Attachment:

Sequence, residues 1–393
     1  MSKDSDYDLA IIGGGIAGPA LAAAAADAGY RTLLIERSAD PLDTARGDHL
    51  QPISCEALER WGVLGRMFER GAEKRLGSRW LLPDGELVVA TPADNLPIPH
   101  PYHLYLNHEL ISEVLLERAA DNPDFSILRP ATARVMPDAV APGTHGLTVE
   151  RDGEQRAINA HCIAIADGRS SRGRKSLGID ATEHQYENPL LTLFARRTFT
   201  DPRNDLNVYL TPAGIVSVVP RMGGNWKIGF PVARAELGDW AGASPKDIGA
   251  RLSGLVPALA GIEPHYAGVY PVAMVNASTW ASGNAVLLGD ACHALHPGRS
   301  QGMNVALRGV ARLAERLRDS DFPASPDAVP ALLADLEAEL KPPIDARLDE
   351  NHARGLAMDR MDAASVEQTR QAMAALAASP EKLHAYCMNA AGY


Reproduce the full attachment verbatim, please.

Sequence, residues 1–393
     1  MSKDSDYDLA IIGGGIAGPA LAAAAADAGY RTLLIERSAD PLDTARGDHL
    51  QPISCEALER WGVLGRMFER GAEKRLGSRW LLPDGELVVA TPADNLPIPH
   101  PYHLYLNHEL ISEVLLERAA DNPDFSILRP ATARVMPDAV APGTHGLTVE
   151  RDGEQRAINA HCIAIADGRS SRGRKSLGID ATEHQYENPL LTLFARRTFT
   201  DPRNDLNVYL TPAGIVSVVP RMGGNWKIGF PVARAELGDW AGASPKDIGA
   251  RLSGLVPALA GIEPHYAGVY PVAMVNASTW ASGNAVLLGD ACHALHPGRS
   301  QGMNVALRGV ARLAERLRDS DFPASPDAVP ALLADLEAEL KPPIDARLDE
   351  NHARGLAMDR MDAASVEQTR QAMAALAASP EKLHAYCMNA AGY